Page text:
Prior to 1950, Urban Planning was seldom considered a unique profession in Canada. There were, and are, of course, differences from country to country. For example, the UK's Royal Town Planning Institute was created as a professional organisation in 1914 and given a Royal Charter in 1959. Town planning focused on top-down processes by which the urban planner created the plans. The planner would know architecture, surveying, or engineering, bringing to the town planning process ideals based on these disciplines. They typically worked for national or local governments. Urban planners were seen as generalists, capable of integrating the work of other disciplines into a coherent plan for whole cities or parts of cities. A good example of this kind of planner was Lewis Keeble and his standard textbook, Principles and Practice of Town and Country Planning, published in 1951.
Changes to the planning process
Strategic Urban Planning over past decades have witnessed the metamorphosis of the role of the urban planner in the planning process. More citizens calling for democratic planning & development processes have played a huge role in allowing the public to make important decisions as part of the planning process. Community organizers and social workers are now very involved in planning from the grassroots level. The term advocacy planning was coined by Paul Davidoff in his influential 1965 paper, "Advocacy and Pluralism in Planning" which acknowledged the political nature of planning and urged planners to acknowledge that their actions are not value-neutral and encouraged minority and under represented voices to be part of planning decisions.Benveniste argued that planners had a political role to play and had to bend some truth to power if their plans were to be implemented.
Developers have also played huge roles in development, particularly by planning projects. Many recent developments were results of large and small-scale developers who purchased land, designed the district and constructed the development from scratch. The Melbourne Docklands, for example, was largely an initiative pushed by private developers to redevelop the waterfront into a high-end residential and commercial district.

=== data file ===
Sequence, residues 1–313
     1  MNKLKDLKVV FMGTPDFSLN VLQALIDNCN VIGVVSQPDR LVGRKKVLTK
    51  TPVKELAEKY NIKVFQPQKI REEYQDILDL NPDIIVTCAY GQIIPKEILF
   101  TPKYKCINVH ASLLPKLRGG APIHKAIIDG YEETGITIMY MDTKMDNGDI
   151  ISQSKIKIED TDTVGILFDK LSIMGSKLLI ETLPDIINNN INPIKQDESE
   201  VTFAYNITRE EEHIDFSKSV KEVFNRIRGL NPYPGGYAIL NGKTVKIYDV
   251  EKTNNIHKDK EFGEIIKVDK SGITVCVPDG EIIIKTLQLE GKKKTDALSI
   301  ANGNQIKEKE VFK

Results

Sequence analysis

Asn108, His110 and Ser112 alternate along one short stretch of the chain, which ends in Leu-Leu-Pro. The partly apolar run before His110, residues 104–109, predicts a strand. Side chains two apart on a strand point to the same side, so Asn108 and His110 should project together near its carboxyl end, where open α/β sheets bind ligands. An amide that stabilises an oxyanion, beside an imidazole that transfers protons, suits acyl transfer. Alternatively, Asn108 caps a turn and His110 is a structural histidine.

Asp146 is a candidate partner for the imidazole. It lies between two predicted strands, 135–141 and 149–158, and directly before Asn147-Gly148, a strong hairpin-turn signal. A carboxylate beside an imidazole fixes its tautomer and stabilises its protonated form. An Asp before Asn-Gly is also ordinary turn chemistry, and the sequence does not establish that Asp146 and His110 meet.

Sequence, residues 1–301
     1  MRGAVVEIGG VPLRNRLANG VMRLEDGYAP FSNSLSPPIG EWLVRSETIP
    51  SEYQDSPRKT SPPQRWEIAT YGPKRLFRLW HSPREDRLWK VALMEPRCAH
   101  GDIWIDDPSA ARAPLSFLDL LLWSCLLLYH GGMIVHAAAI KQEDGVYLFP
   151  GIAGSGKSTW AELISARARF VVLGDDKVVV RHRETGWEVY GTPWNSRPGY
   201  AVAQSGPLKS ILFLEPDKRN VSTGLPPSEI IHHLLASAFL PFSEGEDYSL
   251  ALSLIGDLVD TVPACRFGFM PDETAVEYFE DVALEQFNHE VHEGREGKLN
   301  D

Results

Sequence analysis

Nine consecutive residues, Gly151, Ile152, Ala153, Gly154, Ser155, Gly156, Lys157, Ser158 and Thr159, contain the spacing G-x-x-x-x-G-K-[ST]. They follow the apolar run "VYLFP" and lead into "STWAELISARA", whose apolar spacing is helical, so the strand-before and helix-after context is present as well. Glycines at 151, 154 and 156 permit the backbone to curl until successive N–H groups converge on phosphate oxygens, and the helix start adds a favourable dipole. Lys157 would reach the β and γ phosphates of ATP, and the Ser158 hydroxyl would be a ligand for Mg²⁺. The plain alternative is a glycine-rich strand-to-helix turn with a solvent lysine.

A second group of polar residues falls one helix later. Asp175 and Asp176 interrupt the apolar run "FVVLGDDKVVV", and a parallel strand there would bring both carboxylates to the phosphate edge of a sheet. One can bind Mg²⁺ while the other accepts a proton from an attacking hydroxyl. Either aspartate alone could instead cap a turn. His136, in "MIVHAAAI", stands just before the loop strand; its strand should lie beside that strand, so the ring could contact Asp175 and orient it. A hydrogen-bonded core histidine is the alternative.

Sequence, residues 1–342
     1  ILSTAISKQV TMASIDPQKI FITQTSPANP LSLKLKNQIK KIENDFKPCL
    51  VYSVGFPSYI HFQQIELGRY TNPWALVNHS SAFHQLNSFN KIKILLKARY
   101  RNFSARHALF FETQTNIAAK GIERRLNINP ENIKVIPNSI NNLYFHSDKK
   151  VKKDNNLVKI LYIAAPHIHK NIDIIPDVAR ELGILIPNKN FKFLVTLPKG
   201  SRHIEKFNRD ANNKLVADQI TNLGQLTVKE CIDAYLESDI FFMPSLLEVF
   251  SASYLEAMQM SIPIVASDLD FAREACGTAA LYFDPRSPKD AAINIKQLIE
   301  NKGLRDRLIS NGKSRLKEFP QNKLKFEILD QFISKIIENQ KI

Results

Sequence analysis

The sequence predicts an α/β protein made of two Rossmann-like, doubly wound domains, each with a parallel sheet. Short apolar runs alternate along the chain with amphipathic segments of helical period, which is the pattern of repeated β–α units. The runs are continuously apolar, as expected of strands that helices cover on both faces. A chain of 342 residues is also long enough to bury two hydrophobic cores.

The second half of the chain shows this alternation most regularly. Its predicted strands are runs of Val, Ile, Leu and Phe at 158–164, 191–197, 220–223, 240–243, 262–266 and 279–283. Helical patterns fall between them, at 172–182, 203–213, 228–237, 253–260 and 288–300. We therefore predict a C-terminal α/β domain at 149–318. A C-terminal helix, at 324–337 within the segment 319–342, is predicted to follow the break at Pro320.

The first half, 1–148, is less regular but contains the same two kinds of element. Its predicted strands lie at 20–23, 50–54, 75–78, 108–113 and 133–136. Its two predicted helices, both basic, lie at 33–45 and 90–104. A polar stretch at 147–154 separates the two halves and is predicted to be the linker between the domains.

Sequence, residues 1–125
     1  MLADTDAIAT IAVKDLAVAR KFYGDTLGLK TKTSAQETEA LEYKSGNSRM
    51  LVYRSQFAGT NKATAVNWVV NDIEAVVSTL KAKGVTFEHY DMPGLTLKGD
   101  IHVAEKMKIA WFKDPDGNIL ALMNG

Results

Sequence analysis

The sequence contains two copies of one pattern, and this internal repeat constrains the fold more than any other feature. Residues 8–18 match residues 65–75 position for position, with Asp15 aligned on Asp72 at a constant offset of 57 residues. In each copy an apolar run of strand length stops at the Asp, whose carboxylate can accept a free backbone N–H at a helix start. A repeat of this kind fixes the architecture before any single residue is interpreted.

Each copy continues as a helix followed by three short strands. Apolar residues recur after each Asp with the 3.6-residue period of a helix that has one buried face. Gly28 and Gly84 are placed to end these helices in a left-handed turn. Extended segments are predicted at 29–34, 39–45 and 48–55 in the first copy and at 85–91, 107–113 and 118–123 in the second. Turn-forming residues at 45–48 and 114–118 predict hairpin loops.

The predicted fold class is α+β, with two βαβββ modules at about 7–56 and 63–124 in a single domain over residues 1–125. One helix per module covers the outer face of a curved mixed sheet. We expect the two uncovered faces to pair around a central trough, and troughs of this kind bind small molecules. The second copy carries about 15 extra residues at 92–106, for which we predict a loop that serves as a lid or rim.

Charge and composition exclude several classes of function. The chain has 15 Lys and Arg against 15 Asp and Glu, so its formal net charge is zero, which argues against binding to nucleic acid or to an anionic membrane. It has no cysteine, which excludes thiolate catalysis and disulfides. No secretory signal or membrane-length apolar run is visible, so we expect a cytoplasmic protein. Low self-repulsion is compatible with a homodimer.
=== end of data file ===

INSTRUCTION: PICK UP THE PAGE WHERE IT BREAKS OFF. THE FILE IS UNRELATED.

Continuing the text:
Recent theories of urban planning, espoused, for example by Salingaros see the city as an adaptive system that grows according to process similar to those of plants. They say that urban planning should thus take its cues from such natural processes. Such theories also advocate participation by inhabitants in the design of the urban environment, as opposed to simply leaving all development to large-scale construction firms.
In the process of creating an urban plan or urban design, carrier-infill is one mechanism of spatial organization in which the city's figure and ground components are considered separately. The urban figure, namely buildings, are represented as total possible building volumes, which are left to be designed by architects in following stages. The urban ground, namely in-between spaces and open areas, are designed to a higher level of detail. The carrier-infill approach is defined by an urban design performing as the carrying structure that creates the shape and scale of the spaces, including future building volumes that are then infilled by architects' designs. The contents of the carrier structure may include street pattern, landscape architecture, open space, waterways, and other infrastructure. The infill structure may contain zoning, building codes, quality guidelines, and Solar Access based upon a solar envelope. Carrier-Infill urban design is differentiated from complete urban design, such as in the monumental axis of Brasília, in which the urban design and architecture were created together.
In carrier-infill urban design or urban planning, the negative space of the city, including landscape, open space, and infrastructure is designed in detail. The positive space, typically building site for future construction, are only represented as unresolved volumes. The volumes are representative of the total possible building envelope, which can then be infilled by individual architects.
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The urgency of urban planning today